TRAVERSE CITY — The Traverse City region needs a more diversified economy, one that draws and keeps working-age people with families.

TraverseConnect President Warren Call said early findings of a study suggest as much. He showed city commissioners numbers Tuesday showing jobs in Benzie, Grand Traverse, Kalkaska and Leelanau counties have grown by 8.7 percent over the last five years.

What’s concerning is how jobs concentrated in the health care, retail trade, government and hospitality sectors, Call said. They’re crucial sectors that deserve support for future growth, but attention is needed to grow other, lagging sectors.

A lack of diversity fuels a trend where young workers who flocked to the region in their 20s leave as they age, Call said. Now, the Grand Traverse Economic Development Corporation wants to start a county-wide, public-private partnership focused on strategies to by attracting new businesses and expanding and retaining those already here.

The study Call cited is part of a plan to create that partnership through a county-wide economic development organization, he said.

“Our belief is that Grand Traverse County, the Grand Traverse region and Traverse City as a city need to take a more comprehensive approach to economic development and be more strategic about growing a prosperous, sustainable overall economy,” he said.

Grand Traverse County’s population of people age 20 through 34 grew by 13 percent from 2010 to 2017, according to population figures Call cited. But the population of those age 35 through 49 fell by 10 percent at the same time, and those 19 and younger fell by 5 percent.

Those numbers show how young people drawn by the region’s attractiveness struggle with job prospects, buying a bigger house and finding childcare as they get older and start families, Call said.

People who struggle start to look elsewhere, eroding a population segment that affects schools, drives income inequality and impacts the region’s prosperity as a whole, Call said.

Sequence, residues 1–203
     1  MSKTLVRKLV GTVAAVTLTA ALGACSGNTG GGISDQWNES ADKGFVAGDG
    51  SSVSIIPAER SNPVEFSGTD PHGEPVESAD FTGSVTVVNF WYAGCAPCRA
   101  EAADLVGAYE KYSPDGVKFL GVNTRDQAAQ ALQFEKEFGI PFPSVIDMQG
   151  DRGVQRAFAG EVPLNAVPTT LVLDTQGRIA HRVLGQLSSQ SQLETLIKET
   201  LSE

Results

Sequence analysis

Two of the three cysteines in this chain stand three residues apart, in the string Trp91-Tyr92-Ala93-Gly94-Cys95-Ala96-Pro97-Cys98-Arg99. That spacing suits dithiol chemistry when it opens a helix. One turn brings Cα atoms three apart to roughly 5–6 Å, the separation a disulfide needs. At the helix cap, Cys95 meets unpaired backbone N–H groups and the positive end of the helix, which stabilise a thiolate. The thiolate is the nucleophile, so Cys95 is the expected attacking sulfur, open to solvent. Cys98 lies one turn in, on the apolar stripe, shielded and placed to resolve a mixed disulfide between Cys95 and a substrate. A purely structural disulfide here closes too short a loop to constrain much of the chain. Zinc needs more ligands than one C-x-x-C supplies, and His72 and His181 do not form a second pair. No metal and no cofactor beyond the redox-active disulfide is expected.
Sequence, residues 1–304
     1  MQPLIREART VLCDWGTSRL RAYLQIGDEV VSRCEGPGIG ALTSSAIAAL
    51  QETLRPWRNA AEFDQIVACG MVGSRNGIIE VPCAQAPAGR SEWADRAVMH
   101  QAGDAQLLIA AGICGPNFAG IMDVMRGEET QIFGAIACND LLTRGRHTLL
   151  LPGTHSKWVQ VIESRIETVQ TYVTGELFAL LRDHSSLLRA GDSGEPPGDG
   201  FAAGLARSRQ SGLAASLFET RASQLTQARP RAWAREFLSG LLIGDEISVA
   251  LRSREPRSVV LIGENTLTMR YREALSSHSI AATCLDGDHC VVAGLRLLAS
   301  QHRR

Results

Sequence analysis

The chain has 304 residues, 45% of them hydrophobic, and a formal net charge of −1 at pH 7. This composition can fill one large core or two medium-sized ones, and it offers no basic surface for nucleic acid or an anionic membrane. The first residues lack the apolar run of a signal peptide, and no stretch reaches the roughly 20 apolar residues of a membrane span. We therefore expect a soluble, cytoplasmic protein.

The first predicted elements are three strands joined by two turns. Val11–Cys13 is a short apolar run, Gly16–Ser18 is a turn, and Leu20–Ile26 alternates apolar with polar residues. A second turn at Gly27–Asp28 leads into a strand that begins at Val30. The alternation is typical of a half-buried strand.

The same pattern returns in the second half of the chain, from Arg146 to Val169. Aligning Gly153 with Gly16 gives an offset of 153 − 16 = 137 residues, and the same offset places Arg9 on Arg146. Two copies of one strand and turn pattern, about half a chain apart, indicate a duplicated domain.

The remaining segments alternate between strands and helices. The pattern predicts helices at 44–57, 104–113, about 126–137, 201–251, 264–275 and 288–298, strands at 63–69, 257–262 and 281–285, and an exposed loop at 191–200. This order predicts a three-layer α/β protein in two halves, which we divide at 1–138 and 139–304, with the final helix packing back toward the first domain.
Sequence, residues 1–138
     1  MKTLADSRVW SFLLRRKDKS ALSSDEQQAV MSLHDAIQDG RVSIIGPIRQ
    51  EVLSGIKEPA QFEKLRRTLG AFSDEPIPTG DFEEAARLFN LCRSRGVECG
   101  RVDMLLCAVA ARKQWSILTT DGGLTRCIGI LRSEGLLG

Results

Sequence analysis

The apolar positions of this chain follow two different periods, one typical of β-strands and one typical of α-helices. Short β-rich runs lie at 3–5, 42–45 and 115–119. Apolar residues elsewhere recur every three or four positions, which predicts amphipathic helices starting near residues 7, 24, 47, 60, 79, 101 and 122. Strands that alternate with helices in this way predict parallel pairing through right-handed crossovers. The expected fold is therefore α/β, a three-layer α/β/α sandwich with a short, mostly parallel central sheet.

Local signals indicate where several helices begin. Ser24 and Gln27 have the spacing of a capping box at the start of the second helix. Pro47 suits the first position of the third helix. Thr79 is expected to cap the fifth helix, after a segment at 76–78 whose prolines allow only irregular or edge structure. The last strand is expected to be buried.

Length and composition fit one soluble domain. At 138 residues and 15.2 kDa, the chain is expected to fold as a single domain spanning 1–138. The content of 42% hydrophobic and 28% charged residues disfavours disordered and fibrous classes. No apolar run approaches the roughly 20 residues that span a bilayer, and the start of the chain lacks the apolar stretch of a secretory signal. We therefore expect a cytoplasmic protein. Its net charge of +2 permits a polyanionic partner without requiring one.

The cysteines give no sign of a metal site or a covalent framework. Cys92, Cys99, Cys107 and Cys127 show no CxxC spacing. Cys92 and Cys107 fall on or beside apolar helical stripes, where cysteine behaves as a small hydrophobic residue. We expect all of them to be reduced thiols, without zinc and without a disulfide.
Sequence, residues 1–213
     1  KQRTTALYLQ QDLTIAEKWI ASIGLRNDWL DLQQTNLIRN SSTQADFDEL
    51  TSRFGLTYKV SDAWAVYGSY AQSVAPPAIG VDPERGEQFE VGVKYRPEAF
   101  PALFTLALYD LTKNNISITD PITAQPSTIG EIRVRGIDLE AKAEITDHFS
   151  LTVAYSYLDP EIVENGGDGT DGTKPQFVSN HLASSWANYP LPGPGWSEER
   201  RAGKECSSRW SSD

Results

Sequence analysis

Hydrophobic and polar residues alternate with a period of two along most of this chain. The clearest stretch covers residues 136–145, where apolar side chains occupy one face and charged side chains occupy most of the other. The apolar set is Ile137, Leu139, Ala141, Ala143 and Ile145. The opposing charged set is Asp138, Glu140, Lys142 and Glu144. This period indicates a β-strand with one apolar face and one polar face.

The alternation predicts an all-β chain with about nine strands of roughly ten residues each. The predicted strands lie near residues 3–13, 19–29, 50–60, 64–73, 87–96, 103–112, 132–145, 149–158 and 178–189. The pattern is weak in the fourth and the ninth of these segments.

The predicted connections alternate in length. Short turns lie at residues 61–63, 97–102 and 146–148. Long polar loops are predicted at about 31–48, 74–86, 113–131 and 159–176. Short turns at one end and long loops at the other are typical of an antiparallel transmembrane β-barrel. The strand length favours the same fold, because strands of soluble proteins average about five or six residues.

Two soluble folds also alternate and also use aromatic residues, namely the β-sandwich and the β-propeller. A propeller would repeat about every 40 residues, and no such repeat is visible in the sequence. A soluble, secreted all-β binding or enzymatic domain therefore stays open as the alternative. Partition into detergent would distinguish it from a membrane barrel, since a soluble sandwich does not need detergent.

A countywide economic development organization would focus on expanding existing businesses and organizations, and attracting talent, Call said.

Talent attraction could mean training people already here, Call said. Commissioner Amy Shamroe said local programs seem to focus on trades or sending kids off to college, and Call agreed educational institutions can train and keep talent locally.

Commissioner Roger Putman said it’s difficult for a family earning a lower wage to live in the area. He talked about a hypothetical worker making $11 an hour and seeing their earnings eaten away by taxes, child care, rent and other living costs.

Call said that points to a need for an open discussion about addressing the gap between wages in the Traverse City area and living costs there. A company struggling to fill jobs has to ask if it’s because of a lack of available people, or if they’re not offering to pay enough, he said.

People already in Traverse City might reject such efforts as they see the area becoming more crowded, Commissioner Tim Werner said. He asked, what’s in it for them?

They’ll see perks, too, Call said. Business expansion means existing employees could have promotion opportunities. There’s knock-on effects, too, as workers who are promoted have an easier time affording a house and child care. A growing tax base is also good for schools and other things, he said.

Call said the economic development organization would focus on job creation and rely on other partners to address other questions — the organization would look to Housing North for solutions to the area’s housing issues, for example.

The idea of forming an economic development organization stems from a plan the Grand Traverse County Economic Development Organization formed after reorganizing in 2017 to include Traverse City representation, Call said previously.

EDC planners concluded both local governments and private-sector partners should form a county-wide economic development organization, Call said previously.

TraverseConnect — parent organization of Traverse City Area Chamber of Commerce and others — is retooling to fill that role, Call said. A full plan laying out how the organization will work is coming in September.

Mayor Jim Carruthers said he has a shelf “bowing with the weight” of various studies and plans to collaborate regionally on a stronger economy, from the Grand Vision in 2004 onward. He hopes the current process is the one that spurs action.

Call noted two differences between the long list of studies Carruthers cited and plans for the economic development organization. The private sector is leading the planning for the organization, for one.

Secondly, the challenges now are much more acute than they were in 2004, Call said.

“This is an issue that should concern us enough to take bolder action now,” he said.

 

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